“A must for crime fiction lovers with a sense of humor: In Simon Brenner, Wolf Haas has created a protagonist so real and believable that I sometimes wanted to tap him on the shoulder and point him in the right direction!”     
—Andrey Kurkov, author of Death and the Penguin

“Brenner and God is one of the cleverest—and most thoroughly enjoyable—mysteries that I’ve read in a long time. Wolf Haas is the real deal, and his arrival on the American book scene is long overdue.”    
—Carl Hiaasen, author of Sick Puppy

“A meticulously plotted, dark, and often very funny ride.”
The Millions

“Brenner and God is a humdinger . . . a sockdollager of an action yarn, revealed via the smart-ass, self-effacing narrative voice that’s a sort of trademark of author Wolf Haas.”
The Austin Chronicle

“[A] superb translation of one of Austria’s finest crime novels . . . Haas never loses the thread of investigation, even as he introduces off-beat characters and a very complex plot . . . This is the first of the Brenner novels in English. We can only hope for more, soon.”
The Globe and Mail (Toronto)

“Even as Haas darkens the mood of this sly and entertaining novel, he maintains its sardonically irreverent tone.”
The Barnes & Noble Review

“A pacey and gripping read.”
Euro Crime

“A gleaming gem of a novel.”
Crimespree Magazine

“This quirkily funny kidnapping caper marks the first appearance in English of underdog sleuth Simon Brenner . . . Austrian author Haas brings a wry sense of humor . . . American readers will look forward to seeing more of Herr Simon.”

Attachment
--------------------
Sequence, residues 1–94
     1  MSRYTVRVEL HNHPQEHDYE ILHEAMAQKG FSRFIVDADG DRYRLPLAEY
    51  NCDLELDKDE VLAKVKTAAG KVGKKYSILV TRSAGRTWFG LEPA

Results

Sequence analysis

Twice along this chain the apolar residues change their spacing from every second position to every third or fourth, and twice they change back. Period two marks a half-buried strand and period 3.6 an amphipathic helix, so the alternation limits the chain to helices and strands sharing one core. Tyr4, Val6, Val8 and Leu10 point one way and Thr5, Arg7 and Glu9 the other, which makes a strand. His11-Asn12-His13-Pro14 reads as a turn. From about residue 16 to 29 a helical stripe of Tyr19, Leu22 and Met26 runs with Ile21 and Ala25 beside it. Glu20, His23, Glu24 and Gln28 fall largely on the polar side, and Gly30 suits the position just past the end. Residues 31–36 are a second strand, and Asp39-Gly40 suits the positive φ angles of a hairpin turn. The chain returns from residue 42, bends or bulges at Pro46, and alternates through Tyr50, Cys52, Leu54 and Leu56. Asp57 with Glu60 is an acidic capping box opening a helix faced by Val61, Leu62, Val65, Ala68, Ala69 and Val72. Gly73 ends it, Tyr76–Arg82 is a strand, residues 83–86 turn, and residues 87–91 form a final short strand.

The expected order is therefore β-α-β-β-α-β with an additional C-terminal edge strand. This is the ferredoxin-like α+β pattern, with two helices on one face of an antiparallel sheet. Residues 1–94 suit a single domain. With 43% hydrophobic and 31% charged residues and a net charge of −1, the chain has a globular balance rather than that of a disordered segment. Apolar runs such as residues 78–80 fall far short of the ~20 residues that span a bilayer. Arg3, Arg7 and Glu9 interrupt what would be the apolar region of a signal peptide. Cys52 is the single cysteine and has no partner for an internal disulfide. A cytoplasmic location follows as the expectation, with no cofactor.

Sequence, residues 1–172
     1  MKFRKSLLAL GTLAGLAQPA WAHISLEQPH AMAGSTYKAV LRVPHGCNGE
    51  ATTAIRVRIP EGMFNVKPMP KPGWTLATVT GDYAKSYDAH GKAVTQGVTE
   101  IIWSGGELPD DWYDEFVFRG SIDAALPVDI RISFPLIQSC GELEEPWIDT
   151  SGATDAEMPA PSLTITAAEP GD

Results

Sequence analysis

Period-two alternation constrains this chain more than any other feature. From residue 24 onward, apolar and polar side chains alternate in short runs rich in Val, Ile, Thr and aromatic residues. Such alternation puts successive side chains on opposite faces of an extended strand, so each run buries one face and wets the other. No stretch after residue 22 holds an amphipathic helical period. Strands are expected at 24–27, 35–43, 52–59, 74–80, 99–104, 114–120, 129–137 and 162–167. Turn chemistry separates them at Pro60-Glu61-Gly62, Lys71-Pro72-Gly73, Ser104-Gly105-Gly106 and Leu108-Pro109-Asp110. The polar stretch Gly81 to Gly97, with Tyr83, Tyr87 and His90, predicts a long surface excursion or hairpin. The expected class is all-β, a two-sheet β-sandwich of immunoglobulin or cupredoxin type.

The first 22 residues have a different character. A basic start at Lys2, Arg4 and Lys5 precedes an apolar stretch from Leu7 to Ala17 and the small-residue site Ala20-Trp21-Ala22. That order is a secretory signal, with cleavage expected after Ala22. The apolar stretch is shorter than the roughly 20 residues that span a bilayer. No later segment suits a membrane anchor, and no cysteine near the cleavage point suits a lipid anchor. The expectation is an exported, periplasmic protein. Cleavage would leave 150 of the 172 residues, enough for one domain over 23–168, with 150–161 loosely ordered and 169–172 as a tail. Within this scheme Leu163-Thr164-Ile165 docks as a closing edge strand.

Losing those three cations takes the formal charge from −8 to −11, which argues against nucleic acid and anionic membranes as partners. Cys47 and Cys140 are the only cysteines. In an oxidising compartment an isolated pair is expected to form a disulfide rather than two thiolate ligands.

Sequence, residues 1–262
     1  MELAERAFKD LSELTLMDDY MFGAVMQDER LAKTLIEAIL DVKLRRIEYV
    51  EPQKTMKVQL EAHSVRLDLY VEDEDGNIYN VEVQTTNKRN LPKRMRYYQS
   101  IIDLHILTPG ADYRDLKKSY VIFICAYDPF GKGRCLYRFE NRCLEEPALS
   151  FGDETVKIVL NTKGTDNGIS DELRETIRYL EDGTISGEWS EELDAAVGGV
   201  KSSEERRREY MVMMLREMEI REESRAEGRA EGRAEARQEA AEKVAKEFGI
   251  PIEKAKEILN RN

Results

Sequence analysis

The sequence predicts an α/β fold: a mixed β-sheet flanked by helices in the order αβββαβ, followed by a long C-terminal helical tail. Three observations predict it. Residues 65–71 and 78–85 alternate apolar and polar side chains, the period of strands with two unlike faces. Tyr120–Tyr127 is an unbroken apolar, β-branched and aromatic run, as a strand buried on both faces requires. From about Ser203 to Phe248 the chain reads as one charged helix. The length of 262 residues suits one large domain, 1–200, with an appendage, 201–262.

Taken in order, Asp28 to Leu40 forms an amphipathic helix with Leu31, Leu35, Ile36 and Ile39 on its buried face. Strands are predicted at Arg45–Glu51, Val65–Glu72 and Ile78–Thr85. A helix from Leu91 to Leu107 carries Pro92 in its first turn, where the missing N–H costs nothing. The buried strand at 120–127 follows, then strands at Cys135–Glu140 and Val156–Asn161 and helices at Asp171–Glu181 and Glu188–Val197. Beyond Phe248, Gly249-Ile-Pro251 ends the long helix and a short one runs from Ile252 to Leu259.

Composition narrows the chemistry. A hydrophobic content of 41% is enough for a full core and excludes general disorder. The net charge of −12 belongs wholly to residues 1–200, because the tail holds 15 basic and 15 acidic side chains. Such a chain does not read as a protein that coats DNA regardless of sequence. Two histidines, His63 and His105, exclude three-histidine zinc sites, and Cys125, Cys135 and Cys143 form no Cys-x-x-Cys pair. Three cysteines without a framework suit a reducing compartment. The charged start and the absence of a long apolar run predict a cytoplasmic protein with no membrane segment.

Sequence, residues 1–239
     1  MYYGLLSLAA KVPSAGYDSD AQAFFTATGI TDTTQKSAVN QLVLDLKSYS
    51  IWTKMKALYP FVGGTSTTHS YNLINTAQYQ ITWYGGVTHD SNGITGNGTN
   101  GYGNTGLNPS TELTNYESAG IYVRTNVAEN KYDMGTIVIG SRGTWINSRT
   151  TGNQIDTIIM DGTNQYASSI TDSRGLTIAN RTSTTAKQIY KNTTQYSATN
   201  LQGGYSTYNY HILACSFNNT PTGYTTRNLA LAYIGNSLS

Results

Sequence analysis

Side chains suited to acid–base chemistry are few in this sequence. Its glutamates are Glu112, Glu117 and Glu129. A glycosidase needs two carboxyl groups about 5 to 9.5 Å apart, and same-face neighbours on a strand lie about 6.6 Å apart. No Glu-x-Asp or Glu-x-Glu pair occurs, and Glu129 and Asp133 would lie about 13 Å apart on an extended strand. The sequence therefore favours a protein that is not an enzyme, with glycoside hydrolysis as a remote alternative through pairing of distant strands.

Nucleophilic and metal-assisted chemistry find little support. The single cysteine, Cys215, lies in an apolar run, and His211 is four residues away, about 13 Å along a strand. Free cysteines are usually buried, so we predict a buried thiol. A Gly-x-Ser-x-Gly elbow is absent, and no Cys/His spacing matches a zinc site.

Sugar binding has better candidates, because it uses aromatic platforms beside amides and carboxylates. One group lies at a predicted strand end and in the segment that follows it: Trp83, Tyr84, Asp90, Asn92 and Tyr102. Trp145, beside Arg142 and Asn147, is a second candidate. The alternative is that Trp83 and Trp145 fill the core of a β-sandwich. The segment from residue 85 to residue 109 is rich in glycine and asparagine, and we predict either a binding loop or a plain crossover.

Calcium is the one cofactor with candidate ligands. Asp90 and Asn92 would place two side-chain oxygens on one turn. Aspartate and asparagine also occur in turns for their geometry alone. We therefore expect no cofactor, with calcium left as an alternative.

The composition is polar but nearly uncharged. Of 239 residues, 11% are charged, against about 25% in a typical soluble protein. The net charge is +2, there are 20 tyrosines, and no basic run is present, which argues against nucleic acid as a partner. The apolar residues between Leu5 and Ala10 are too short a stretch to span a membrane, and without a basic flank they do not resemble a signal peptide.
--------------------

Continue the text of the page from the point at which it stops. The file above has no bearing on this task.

Publishers Weekly

Praise for The Bone Man

“Darkly comic . . . American mystery fans should enjoy Haas’s quirky, digressive storytelling style.”    
Publishers Weekly

“It’s a novel that leaves you laughing even as you work to solve the mystery.”
The Globe and Mail (Toronto)

“A brilliant book . . . Already among the greats of mystery fiction.”
Book Devil

“The most original figure here is the narrator, who hovers above the action with matter-of-fact detachment, ever alert for moments when he can swoop down and set you straight about what’s going on or change the subject entirely.”    
Kirkus

From the Publisher
"Wolf Haas is the real deal, and his arrival on the American book scene is long overdue." —CARL HIASSEN

"Simon Brenner, the hero of Wolf Haas' marvelous series of crime thrillers, is a wildly likable and original character—a delightful and unexpected hero to show up in this noble and enduring genre." —JONATHAN DEMME

Praise for Brenner and God:

"Haas brings a wry sense of humor to this familiar story line with his detached, conversational style. American readers will look forward to seeing more of Simon Brenner." —Publishers Weekly

"A meticulously plotted, dark, and often very funny ride." —The Millions

Kirkus Reviews
2014-01-22